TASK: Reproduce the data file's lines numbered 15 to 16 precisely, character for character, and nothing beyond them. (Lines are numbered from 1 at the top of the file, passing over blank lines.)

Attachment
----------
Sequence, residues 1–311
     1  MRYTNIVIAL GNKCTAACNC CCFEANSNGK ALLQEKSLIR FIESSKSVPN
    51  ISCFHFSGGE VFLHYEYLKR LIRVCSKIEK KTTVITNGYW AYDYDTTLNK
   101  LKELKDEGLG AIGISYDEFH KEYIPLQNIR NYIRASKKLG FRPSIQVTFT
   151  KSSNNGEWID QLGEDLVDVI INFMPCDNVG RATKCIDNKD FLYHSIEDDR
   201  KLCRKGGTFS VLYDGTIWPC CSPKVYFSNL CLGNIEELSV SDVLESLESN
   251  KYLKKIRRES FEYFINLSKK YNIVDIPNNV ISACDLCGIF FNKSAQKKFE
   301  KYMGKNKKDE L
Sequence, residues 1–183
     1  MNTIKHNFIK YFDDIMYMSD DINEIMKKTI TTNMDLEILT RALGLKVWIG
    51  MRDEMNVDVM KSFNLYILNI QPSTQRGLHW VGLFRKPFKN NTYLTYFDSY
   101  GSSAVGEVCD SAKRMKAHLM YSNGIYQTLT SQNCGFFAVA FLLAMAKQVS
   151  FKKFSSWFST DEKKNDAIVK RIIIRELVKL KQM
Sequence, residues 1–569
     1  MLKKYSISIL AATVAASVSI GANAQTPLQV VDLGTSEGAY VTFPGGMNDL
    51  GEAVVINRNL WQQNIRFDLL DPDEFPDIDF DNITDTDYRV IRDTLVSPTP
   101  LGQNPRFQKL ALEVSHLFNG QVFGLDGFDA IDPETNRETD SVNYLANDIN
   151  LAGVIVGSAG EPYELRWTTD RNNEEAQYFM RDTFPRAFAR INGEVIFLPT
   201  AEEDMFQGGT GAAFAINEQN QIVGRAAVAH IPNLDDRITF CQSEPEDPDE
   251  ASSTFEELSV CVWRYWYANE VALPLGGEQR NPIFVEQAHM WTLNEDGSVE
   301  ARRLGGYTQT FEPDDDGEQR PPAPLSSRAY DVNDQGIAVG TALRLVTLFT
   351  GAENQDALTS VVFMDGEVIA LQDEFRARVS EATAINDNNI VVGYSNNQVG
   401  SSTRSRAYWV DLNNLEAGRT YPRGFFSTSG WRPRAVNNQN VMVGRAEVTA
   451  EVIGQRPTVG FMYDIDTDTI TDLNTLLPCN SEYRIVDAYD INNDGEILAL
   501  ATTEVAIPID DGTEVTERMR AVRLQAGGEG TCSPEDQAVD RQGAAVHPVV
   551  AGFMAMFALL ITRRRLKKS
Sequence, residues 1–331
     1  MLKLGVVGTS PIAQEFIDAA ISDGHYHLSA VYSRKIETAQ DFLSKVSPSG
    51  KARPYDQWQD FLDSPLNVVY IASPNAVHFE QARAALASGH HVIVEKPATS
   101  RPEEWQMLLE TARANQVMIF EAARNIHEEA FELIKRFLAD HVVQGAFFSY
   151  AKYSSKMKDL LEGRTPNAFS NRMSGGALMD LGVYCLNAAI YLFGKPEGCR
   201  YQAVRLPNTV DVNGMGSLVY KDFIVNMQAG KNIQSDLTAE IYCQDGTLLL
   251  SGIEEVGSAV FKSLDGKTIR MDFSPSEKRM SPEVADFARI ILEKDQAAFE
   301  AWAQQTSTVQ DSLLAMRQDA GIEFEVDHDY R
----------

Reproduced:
     1  MLKKYSISIL AATVAASVSI GANAQTPLQV VDLGTSEGAY VTFPGGMNDL
    51  GEAVVINRNL WQQNIRFDLL DPDEFPDIDF DNITDTDYRV IRDTLVSPTP